Only about 2,500 gas stations offer E85 for flex fuel vehicles, primarily stations in the Midwest where most ethanol is produced.
Credit Grant Gerlock / Harvest Public Media
A steady stream of semi-trailers rolls across the scales at the E Energy ethanol plant near the town of Adams in southeast Nebraska. The smokestack behind the scale house sends up a tall plume of white steam. The sweet smell of fermenting corn is in the air.
The U.S. Environmental Protection Agency could soon issue a final ruling that aims to force oil companies to replace E10, gasoline mixed with 10 percent ethanol, with E15.
This move could come just as widespread support for ethanol, which is made from corn, appears to be eroding.
Mike Mitchell was once a true believer in ethanol as a homegrown solution to foreign oil imports. He owns gas stations, and he went further than most, installing expensive blender pumps that let customers choose E15, E20 and all the way up to E85.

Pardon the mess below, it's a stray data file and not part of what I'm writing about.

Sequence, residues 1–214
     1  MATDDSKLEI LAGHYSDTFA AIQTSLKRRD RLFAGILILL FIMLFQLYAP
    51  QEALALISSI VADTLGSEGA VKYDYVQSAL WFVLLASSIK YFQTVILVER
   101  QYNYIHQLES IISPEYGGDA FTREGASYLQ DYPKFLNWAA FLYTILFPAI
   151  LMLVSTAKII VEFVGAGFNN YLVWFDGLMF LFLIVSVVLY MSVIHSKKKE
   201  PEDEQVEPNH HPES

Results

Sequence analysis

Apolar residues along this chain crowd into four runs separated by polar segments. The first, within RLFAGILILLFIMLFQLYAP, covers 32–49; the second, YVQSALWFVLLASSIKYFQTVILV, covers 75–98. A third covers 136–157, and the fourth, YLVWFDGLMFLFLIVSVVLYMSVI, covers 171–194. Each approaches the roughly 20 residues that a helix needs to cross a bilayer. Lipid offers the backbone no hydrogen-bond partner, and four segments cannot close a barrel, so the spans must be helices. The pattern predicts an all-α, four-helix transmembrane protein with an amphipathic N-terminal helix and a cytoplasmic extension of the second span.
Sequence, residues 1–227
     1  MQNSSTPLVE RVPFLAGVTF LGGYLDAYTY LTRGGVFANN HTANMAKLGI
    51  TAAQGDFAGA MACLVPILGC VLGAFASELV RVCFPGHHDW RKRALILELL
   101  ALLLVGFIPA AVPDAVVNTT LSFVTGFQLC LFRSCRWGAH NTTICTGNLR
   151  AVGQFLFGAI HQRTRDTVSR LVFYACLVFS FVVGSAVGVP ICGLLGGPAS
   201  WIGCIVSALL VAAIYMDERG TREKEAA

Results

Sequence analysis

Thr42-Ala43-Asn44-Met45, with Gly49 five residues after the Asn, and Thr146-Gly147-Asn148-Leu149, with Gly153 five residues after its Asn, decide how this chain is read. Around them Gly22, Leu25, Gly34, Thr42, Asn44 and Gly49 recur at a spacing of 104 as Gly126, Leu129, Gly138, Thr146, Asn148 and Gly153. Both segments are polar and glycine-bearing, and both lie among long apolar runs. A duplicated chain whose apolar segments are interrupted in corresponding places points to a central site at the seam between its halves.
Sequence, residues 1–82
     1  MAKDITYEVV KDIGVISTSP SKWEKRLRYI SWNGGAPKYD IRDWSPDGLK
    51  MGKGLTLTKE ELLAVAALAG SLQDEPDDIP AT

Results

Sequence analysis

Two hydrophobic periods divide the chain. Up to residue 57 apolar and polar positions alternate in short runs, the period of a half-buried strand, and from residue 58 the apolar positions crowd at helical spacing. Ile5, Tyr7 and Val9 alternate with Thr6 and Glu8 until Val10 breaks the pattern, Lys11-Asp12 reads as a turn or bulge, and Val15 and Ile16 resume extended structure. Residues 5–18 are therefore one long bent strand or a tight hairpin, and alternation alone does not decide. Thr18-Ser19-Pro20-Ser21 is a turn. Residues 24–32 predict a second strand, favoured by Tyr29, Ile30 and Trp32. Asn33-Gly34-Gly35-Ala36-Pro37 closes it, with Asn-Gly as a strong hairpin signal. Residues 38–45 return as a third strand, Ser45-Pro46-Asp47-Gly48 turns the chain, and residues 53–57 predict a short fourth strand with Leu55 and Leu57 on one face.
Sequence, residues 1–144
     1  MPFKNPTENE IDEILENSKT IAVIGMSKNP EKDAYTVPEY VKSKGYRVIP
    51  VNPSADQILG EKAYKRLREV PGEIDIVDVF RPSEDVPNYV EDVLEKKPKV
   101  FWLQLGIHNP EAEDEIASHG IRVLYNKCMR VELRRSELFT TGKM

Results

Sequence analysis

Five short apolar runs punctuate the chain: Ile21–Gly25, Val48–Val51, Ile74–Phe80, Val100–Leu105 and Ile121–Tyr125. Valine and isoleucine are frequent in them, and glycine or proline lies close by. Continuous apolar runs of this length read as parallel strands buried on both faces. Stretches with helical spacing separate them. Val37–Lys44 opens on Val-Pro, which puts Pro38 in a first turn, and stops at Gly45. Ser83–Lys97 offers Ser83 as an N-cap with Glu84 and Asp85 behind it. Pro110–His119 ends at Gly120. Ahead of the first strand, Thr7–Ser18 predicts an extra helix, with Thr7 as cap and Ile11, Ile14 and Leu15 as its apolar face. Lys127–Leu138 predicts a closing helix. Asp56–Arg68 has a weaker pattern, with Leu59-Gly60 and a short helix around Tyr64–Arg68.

Ethanol plants in at least 13 states have stopped running in recent months because of high corn prices and a lower demand for the fuel. The industry is trying to change the equation by putting more of the biofuel in gasoline, but ethanol critics are pushing back.
This is MORNING EDITION from NPR News. I'm Renee Montagne.
LINDA WERTHEIMER, HOST:
And I'm Linda Wertheimer.
In the Midwest, the drought is doing a number on the nation's biggest agricultural crop, corn. The USDA says half of the country's cornfields are in poor or very poor condition, and the short supply is driving up the price. Now, a fight between livestock farmers and ethanol producers over the high priced corn crop. Farmers say ethanol factories have an unfair advantage.